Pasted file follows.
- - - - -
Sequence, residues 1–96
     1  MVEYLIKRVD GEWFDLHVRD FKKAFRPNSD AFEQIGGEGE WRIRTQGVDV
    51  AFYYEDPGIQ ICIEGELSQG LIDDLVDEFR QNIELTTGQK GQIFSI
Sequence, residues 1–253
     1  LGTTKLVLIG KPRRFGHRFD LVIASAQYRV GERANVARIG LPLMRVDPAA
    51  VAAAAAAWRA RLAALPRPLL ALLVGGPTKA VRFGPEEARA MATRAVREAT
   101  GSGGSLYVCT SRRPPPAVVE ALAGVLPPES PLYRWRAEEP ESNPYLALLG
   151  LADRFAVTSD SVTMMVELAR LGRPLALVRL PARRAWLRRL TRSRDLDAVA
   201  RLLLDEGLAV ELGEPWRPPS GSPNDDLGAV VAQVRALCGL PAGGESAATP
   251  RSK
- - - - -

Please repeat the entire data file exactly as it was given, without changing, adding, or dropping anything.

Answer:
Sequence, residues 1–96
     1  MVEYLIKRVD GEWFDLHVRD FKKAFRPNSD AFEQIGGEGE WRIRTQGVDV
    51  AFYYEDPGIQ ICIEGELSQG LIDDLVDEFR QNIELTTGQK GQIFSI
Sequence, residues 1–253
     1  LGTTKLVLIG KPRRFGHRFD LVIASAQYRV GERANVARIG LPLMRVDPAA
    51  VAAAAAAWRA RLAALPRPLL ALLVGGPTKA VRFGPEEARA MATRAVREAT
   101  GSGGSLYVCT SRRPPPAVVE ALAGVLPPES PLYRWRAEEP ESNPYLALLG
   151  LADRFAVTSD SVTMMVELAR LGRPLALVRL PARRAWLRRL TRSRDLDAVA
   201  RLLLDEGLAV ELGEPWRPPS GSPNDDLGAV VAQVRALCGL PAGGESAATP
   251  RSK